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The African American church is the longest-standing institution in the community, with its origins in slavery. African American churches are sites where visitors will learn much about black culture. Not every church with a large number of African Americans qualifies as an African American church.

The African American church properly refers to seven major Protestant denominations that existed as separate black institutions during the slavery and racial segregation eras. These churches still carry on many of the past traditions. Proper service etiquette in these denominations may differ vastly from what many churchgoers have experienced


Talking during the service is allowed, even encouraged; in fact, the presiding minister anticipates talking and interruptions from the crowd. Preachers in African American churches use a call-and-response technique. The preacher employs voice inflections and rhetorical flourishes to engender spontaneous responses and shouts from parishioners. Full participation in the service requires shouts of encouragement in response to the sermon, such as, “amen” and “preach it, brother.” The call-and-response during church is an integral part of African American communal solidarity that began during slavery and has its roots in West African cultural traditions.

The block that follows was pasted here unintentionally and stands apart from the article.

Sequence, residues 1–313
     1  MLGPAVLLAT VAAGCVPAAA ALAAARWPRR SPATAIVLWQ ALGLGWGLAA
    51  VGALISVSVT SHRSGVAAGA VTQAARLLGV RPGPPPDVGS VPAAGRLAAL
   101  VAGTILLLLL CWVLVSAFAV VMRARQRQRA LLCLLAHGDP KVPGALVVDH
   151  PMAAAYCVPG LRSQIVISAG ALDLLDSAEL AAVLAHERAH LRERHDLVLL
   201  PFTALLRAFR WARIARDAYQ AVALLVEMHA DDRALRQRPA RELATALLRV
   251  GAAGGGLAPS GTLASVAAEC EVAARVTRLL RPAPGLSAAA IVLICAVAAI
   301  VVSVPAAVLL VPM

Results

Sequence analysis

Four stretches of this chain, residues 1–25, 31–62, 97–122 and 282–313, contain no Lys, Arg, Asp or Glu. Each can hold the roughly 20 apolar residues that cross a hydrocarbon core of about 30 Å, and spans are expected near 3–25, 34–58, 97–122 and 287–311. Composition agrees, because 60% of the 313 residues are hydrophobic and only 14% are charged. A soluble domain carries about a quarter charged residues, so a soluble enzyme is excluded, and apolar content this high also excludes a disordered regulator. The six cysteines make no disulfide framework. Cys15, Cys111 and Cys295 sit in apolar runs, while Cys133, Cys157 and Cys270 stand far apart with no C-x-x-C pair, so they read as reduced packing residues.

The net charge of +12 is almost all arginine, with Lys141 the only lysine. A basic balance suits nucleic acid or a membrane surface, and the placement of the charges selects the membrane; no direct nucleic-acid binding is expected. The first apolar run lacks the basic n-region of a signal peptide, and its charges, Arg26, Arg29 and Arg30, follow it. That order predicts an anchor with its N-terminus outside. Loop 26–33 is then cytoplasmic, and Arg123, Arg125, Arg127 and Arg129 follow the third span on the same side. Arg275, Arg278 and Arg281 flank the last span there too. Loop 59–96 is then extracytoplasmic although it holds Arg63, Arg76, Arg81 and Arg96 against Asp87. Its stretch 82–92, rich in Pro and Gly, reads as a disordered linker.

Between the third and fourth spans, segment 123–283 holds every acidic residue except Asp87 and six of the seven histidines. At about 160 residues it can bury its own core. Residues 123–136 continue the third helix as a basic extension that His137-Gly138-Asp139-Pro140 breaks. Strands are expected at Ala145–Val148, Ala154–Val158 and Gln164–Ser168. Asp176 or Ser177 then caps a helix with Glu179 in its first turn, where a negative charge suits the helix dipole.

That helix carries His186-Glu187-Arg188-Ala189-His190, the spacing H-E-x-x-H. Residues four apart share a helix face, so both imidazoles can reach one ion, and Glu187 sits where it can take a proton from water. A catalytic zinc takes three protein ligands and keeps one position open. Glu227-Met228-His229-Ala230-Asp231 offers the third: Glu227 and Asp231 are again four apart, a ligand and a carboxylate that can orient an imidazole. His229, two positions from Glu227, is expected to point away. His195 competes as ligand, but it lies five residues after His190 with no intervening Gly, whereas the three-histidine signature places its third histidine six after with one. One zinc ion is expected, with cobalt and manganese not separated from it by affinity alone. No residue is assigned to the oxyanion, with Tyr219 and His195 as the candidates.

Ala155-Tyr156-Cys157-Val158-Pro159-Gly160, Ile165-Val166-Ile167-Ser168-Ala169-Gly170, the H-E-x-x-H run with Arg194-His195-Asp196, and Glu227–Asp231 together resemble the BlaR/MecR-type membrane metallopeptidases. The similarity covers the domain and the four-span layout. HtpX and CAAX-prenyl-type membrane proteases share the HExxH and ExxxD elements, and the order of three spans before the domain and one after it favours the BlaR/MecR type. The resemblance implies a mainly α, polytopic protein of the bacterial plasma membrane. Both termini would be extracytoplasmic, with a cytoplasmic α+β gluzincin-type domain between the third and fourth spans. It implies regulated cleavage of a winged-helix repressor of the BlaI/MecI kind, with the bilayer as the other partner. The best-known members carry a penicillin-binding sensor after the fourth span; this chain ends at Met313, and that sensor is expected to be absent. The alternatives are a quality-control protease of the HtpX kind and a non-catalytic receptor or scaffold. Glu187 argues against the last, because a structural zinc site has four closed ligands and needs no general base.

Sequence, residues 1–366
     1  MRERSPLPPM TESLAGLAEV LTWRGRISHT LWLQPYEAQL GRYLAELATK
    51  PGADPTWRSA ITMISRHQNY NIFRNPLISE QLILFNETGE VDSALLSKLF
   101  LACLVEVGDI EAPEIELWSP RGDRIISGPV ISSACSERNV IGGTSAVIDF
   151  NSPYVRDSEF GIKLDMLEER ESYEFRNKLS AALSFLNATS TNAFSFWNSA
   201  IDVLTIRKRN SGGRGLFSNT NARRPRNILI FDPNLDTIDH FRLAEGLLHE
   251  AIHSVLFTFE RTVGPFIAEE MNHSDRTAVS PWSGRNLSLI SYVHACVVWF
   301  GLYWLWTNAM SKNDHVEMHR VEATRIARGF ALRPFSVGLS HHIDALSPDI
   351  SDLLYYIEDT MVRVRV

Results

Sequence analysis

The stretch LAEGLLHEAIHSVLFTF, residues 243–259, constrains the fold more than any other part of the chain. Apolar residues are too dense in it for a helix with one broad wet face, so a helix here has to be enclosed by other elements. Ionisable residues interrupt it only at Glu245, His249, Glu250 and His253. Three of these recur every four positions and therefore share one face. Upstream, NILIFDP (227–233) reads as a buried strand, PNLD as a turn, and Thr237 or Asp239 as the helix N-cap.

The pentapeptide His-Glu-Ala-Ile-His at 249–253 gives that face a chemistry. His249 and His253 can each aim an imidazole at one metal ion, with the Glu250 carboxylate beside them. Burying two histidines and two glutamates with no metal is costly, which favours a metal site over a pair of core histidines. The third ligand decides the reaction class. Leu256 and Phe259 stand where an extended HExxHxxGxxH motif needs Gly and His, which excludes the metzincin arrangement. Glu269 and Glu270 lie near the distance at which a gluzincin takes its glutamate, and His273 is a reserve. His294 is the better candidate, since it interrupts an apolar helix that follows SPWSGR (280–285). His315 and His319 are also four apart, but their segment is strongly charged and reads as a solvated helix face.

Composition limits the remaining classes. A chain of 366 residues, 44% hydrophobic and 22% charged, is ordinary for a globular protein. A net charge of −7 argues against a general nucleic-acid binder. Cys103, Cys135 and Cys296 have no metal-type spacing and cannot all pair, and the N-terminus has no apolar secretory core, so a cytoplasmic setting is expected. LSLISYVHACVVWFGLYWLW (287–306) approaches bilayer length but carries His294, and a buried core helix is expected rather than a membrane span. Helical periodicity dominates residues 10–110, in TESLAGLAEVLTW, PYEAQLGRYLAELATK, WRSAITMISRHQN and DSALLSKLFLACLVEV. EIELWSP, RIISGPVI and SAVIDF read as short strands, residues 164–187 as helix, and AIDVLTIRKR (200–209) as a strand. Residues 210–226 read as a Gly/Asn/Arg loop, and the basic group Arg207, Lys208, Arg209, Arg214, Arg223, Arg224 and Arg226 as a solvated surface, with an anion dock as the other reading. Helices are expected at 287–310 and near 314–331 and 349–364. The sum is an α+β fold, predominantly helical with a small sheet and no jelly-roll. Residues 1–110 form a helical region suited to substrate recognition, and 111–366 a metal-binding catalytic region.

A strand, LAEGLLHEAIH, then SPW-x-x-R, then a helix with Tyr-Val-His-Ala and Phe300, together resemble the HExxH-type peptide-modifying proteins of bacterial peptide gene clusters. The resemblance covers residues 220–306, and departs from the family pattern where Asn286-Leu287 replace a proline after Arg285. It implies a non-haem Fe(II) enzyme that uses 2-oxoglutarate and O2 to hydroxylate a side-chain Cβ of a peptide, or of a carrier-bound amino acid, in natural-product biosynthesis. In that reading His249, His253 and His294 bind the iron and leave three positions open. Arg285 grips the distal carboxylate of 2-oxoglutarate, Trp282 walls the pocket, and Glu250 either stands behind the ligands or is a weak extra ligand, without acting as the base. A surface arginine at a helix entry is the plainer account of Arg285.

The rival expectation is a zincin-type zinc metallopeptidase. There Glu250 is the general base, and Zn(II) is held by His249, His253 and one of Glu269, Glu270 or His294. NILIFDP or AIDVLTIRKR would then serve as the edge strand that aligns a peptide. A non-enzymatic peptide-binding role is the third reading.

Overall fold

Dressing in your “Sunday best” is a reality in the black church. Sporting formal attire is an outward sign of the social respectability all African American churches expect members to exude. Church attendance practically requires formal dress to distinguish members from the non-churchgoers of the community.
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Discussion: The Black Church and Why Its Traditions Still Stand Up Today  was originally published on